University of Alaska Fairbanks has a brand-new, state-of-the-art, ice-breaking research vessel. Construction of the $140 million R/V Sikuliaq was completed at a Wisconsin shipyard last June, and the ship has been testing its systems since then, with a trip from the East Coast, through the Panama Canal, way out west through the Pacific all the way to Hawaii and Guam, and then back east to its new home waters of Alaska.
The ship arrived in Ketchikan Monday morning for a pit stop on its way up the Inside Passage toward Seward.
It was a brisk, cold, blue-sky day in Ketchikan when the Sikuliaq pulled up to the downtown cruise ship dock. It’s not cruise season, of course, so there was plenty of room for the 261-foot research vessel.
Captain Adam Seamans started a group of reporters off on the deck, then took us through some of the lab areas dedicated to scientific research.
The first piece of equipment he showed us is a large, circular device with numerous metal bottles attached to the outside. Seamans gives a very science-filled explanation of what it is.
“So the CTD, it collects water samples,” he said. “The rosette and the bottles, and then it also has the CTD, which is the connectivity, depth and temperature, so it measures that, does a profile.”
Basically, it takes samples as it descends through the water, showing how the ocean changes at different depths.
“It’s pretty much our standard, oceanographic equipment,” said Seamans.
Standard now, that is. Gary Freitag is the local representative of the UAF SeaGrant Marine
Advisory Program. He was along for the tour, too, and was suitably impressed with the Sikuliaq’s technology.
“It’s a lot nicer than the vessels I used to be on with the university, that’s for sure,” he said. “It’s quite an improvement.”
Seamans said that since completion of the ship last summer, it’s hosted scientists and been involved in a couple of experiments. He passed the responsibility of explaining those experiments on to Steve Hartz, who said the first group of researchers was examining the effects of trawl fishing on underwater mountains.
“They were looking at different seamounts. Some that had been fished, some that they believe never were fished and some that they are still fishing off of,” he said.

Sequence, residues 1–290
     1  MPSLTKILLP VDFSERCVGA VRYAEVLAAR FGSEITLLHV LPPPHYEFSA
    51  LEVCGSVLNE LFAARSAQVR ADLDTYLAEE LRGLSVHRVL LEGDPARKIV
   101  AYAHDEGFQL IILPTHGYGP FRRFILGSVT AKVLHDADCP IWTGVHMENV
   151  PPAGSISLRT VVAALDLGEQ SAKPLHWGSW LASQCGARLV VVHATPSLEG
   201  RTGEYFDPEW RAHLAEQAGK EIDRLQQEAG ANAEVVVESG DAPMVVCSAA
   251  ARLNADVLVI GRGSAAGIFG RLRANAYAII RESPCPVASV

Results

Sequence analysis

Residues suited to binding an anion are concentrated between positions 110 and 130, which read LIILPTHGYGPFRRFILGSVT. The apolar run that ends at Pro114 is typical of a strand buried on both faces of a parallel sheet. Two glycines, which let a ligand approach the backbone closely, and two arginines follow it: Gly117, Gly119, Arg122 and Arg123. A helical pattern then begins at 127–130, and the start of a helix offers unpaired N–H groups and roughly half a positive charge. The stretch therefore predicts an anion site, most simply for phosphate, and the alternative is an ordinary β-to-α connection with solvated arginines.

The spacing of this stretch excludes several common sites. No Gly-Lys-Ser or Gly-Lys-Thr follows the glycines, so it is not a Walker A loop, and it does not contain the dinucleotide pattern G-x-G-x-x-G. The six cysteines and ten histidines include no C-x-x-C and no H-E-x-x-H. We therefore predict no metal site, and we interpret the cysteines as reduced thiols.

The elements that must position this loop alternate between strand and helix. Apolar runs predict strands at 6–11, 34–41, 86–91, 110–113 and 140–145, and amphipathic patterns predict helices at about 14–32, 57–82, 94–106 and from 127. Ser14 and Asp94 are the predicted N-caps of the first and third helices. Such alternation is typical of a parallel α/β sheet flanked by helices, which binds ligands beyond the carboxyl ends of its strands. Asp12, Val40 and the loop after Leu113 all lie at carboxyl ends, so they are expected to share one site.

The second research group examined ancient Jurassic-age ocean bottom, between Guam and Hawaii, estimated at 170 million years old.
“They were looking at magnetic fluctuations,” Hartz said. “They were using magnetometers that they put on a UV (underwater vehicle) – they got down to 5,000 meters, the UV tracked along and took recordings of the magnetic field.”
As we made our way through the ship, we also met Kari Anderson, a deckhand on board the Sikuliaq. She’s originally from Seward, and is enthusiastic about her job.
“I get to steer the ship when we’re not in auto-pilot, I run most of the cranes for our fast rescue boats, I have emergency response duties and when we have science parties on board, I help them deploy their equipment, as well,” she said.
Anderson said she loves traveling, and with a biology background, she also appreciates learning from the scientists.
One of the rooms we visited housed two huge winches. Sound exciting? Well, it is, from an ocean-researcher’s point of view. Seamans explained that the winches – used to haul equipment and/or samples into and out of the ocean — are the “bread and butter” of the ship’s research operations.
“If these winches are working well, we’re in good shape to conduct science,” he said. “If they’re not, it’s a lot of lost time, it’s a lot of expensive equipment you can lose or damage. “
Because of the importance of those winches, the crew has been testing them ever since they took delivery of the vessel. And more sea trials are planned, now that the ship has made it home to Alaska.
“We’ll be going up for ice trials, into the Bering this March,” Seamans said. “So from here, we go up, we do the Sound Range. From the Sound Range, we’re in Seward for three weeks before we head up to do ice trials.”
After that, who knows? The ship’s long-range schedule hasn’t been determined yet, and as a global-class research ship with ice-breaking capabilities, it could take its crew anywhere.
The R/V Sikuliaq is owned by the National Science Foundation, and operated by the UAF School of Fisheries and Ocean Sciences. After Ketchikan, it heads to Juneau before arriving at its home port of Seward.